While the U.S. has at last gotten around to maybe kinda sorta prosecuting a few banks for their crisis-era misdeeds, you cannot throw a bank in jail. And no U.S. bankers have been thrown in jail for doing things that, cumulatively, contributed to a situation that led to the expenditure of $1 trillion taxpayer dollars, give or take.
Actually, Commerzbank is having a bad few months. It turns out that a whole mess of deferred tax-accruals and the hangover from having gone into business in the Ukraine add up to a roughly $1 billion loss for the fourth quarter. Read more »
Deutsche Bank co-CEO Jürgen Fitschen, already the subject of a German tax-fraud probe, has come under further pressure after political leaders accused him of trying to influence the investigation by calling a senior German politician to protest a police raid on the bank’s headquarters last week. On Thursday, a day after the surprise search, Mr. Fitschen contacted Volker Bouffier, governor of the state of Hesse, where Deutsche Bank is based, to complain about the action. Mr. Bouffier declined to intervene, according to his spokesman. The state government has ultimate authority over the prosecutor’s office…The Deutsche Bank CEO faced criticism from senior German lawmakers on Monday who accused him of trying to undermine the judicial process. The call has left the impression that Deutsche Bank thinks it is “above the law,” said Michael Meister, a senior official in Chancellor Angela Merkel’s center-right party. “The prosecutor’s investigation must be supported,” he said. “Deutsche Bank has to send a clear signal.” Other political leaders were less polite. “A fish rots from the head down. That also applies to Deutsche Bank’s boardroom,” the Handelsblatt newspaper quoted Green party co-chief Jürgen Trittin as saying. [WSJ]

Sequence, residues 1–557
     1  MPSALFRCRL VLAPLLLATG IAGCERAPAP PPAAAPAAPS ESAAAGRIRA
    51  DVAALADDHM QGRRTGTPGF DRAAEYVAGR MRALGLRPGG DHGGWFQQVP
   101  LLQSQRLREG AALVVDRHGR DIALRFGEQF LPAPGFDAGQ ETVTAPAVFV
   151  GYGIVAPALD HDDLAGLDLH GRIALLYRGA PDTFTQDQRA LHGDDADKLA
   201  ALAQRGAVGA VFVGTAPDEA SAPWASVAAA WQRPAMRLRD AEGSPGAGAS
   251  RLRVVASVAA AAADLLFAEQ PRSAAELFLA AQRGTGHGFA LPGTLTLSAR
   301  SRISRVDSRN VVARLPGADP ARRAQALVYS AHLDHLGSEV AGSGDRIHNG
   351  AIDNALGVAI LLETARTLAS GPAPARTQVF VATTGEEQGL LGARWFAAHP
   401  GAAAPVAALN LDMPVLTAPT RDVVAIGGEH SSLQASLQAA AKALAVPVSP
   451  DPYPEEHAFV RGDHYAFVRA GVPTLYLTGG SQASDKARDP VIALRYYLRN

German Hedge Fund Manager Who Fled To South America And Lived Under An Assumed Name For 5 Years To “Find Meaning” In His Life Has Learned A Few ThingsBy Bess Levin
The bits of wisdom Florian Homm picked up during his stay in Colombia, where he was getting some “me time” and not trying to distance himself from angry investors whose money he’d lost, can be found in the book he wrote about living underground (“Kopf Geld Jagd”), which he hopes will be a “hard-core wake-up call” readers who are “trying to get a second Mercedes and a bigger boat.” For those who can’t wait for the English version, from an interview with the Times we learn: Read more »